A Sentimental Education

Playwright and political activist Tony Kushner provides insight into his intellectual development.

by Paul Hond Published Spring 2011
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Kushner arrived at 8:05 a.m. at the appointed spot, a café on the Upper West Side. I was waiting at a back table and signaled to him. He wore a stuffed knapsack, round glasses, and a dark half-zip Columbia (the sportswear brand, not the school) fleece pullover. We said hello, shook hands, and sat. I told him how knocked out I was by Angels. He nodded and thanked me. He seemed a little distracted. He ordered oatmeal, with the fruit and nuts on the side, and a cup of decaf. I ordered a slice of whole-grain toast and an espresso. Kushner said that he had just been doing rewrites on his new play, which was in rehearsals. I felt guilty for pulling him away from what sounded like pretty urgent business, but I figured he knew what he was doing.

To get the ball rolling, I said, “So I read that you’ve been writing a screenplay about Lincoln.”

Kushner averted his eyes. “Well, I can’t talk about it a whole lot because we’re going to start filming in the fall of this year —”

“Oh, no, not that,” I said, worried that he thought I was looking for gossip (“Is Daniel Day-Lewis tall enough?”). “I mean, how, uh, has Lincoln emerged for you as a character?”

Kushner nodded once; his needle steadied.

“Steven Spielberg did this film that I wrote for him, Munich, and we both had a very good time doing it, and he asked me to consider this Lincoln project,” Kushner said. “At first I said no, because I found the prospect of writing about somebody as great as Lincoln daunting. As a person he’s an incredibly fascinating study. His psyche is so available to us because of the things he wrote and said. He was a president who wrote and talked about emotion in his public utterances, and more in his letters. The hard thing is that Abraham Lincoln was a genius — I use that word very, very seldom — but I think that he was really one of the upper-echelon geniuses, like Shakespeare or Mozart or Michelangelo. It’s very difficult to write about people like that. Although you can describe the parts of them that seem approachable in terms of how their personalities developed — in Lincoln’s case, his mother died and his sister died when he was very young — what has to remain a mystery is how they did the thing that we most value them for.”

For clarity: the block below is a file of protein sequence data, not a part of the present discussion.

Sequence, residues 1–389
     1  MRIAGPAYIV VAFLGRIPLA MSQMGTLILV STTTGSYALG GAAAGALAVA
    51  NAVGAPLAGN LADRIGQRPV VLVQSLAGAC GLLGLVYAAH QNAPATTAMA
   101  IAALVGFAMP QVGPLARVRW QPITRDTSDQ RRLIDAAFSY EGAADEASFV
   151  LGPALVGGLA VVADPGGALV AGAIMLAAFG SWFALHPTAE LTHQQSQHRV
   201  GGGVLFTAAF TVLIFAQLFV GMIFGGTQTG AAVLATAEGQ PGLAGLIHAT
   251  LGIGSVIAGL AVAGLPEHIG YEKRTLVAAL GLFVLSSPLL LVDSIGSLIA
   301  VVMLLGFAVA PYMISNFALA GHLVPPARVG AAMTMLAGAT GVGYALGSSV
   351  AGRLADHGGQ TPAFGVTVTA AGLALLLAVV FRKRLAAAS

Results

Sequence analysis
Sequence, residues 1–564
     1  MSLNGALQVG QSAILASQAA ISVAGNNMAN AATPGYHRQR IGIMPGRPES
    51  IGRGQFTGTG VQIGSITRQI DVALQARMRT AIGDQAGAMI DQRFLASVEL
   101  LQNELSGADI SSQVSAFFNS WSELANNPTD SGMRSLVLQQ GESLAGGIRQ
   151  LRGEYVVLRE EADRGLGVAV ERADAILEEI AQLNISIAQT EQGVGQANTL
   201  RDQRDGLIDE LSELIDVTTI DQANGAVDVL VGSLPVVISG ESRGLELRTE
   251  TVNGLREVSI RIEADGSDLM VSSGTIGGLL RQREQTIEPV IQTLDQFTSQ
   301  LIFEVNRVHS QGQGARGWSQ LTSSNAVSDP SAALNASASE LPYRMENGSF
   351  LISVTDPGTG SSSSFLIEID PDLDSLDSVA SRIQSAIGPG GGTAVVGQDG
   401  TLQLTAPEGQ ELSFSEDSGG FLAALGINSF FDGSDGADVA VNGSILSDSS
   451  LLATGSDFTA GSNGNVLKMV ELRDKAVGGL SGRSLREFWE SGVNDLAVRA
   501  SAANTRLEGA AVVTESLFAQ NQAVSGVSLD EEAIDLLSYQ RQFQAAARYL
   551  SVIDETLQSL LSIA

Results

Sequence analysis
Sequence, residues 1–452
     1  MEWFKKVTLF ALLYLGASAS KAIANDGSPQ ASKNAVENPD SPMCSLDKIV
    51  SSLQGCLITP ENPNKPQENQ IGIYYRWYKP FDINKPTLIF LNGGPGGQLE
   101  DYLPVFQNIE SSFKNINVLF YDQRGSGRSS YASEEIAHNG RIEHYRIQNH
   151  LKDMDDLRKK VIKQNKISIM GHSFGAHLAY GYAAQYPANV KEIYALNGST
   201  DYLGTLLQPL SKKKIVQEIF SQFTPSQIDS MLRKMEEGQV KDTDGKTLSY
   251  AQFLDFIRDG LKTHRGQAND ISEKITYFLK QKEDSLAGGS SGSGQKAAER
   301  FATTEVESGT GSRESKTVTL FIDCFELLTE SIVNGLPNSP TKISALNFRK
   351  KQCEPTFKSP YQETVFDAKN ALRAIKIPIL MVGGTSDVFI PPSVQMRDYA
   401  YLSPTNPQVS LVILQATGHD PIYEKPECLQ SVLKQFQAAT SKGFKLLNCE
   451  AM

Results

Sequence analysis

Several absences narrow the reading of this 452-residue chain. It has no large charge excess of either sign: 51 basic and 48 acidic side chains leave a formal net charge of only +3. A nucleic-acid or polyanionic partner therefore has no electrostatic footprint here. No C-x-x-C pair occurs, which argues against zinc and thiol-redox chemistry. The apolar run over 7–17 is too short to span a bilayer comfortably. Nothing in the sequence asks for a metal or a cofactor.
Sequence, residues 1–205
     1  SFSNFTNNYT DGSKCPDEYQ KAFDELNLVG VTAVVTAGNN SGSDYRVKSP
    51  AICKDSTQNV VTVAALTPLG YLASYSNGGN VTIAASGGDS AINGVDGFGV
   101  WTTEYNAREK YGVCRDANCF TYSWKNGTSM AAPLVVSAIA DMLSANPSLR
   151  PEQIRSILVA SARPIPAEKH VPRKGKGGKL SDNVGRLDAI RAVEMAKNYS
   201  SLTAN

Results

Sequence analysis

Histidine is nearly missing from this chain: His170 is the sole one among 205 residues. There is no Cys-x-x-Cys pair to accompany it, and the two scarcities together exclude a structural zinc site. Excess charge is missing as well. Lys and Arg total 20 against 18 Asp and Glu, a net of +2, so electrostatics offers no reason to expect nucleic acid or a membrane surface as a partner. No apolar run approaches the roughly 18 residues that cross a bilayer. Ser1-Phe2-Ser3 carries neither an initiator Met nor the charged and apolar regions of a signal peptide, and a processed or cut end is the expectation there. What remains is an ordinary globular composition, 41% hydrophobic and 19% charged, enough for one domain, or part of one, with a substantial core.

Kushner has a Mahlerian profile, with the glasses and thick hair and forehead, but his face and voice more resemble the actor John Turturro. His manner is warm and relaxed, utterly social, and modest in proportion to his reverence for the artists and thinkers, dead and alive, with whom he communes.

“I think the case could be made that Lincoln is the greatest leader of a democratic country the world has ever known,” said Kushner. “When you look at the horrifying circumstances that he inherited when he became president, and the way that he not only managed to keep the country together but created from the chaos of the beginnings of the war something that eventually became a revolutionary event that overturned institutionalized slavery — in a sense he saved the idea of democracy, made it possible. This is what he says in the Gettysburg Address: that given that the 1848 revolutions in Europe were fairly recent events, the jury was still out on whether or not democracy could work or whether it would simply degenerate into anarchy. The Civil War was, as he says, a great trial of that idea, and he identified slavery as the source of the threat of disintegration of the Union, and saw the way in which slavery and democracy are absolutely antithetical to one another.”

Our food arrived. As Kushner stirred his oatmeal, I thought back on what he said about the limits of biography, and how the principle might apply to Kushner himself. We know, for instance, that he was born in New York City in 1956 and grew up in a small Jewish community in the small southern city of Lake Charles, Louisiana; that he was aware of being gay at the age of six, and that he wrestled with shame and self-hatred and alienation into adulthood; that his father, Bill, a Juilliard-trained clarinetist and poetry lover, had moved the family to Lake Charles to run the family lumber business, and paid his three kids (two boys and a girl) a dollar for every poem they memorized; that Sylvia, Kushner’s mother, had been, at 18, first bassoonist in the orchestra of the New York City Opera, and later played Linda Loman in a Lake Charles Little Theater production of Death of a Salesman that put an arrow in young Tony’s heart; that his parents were New Deal liberals who encouraged Kushner to embrace that which made him different (they meant his Jewishness); that he tried psychotherapy while at Columbia in hopes of changing his sexual preference; that in 1981 he came out to his mother, who was heartbroken at first, but soon came around; that Sylvia died of lung cancer in 1990; and that Bill continued to have trouble accepting his son’s identity until the praise for Angels helped open his mind.

We know these things, and much more.

And yet.

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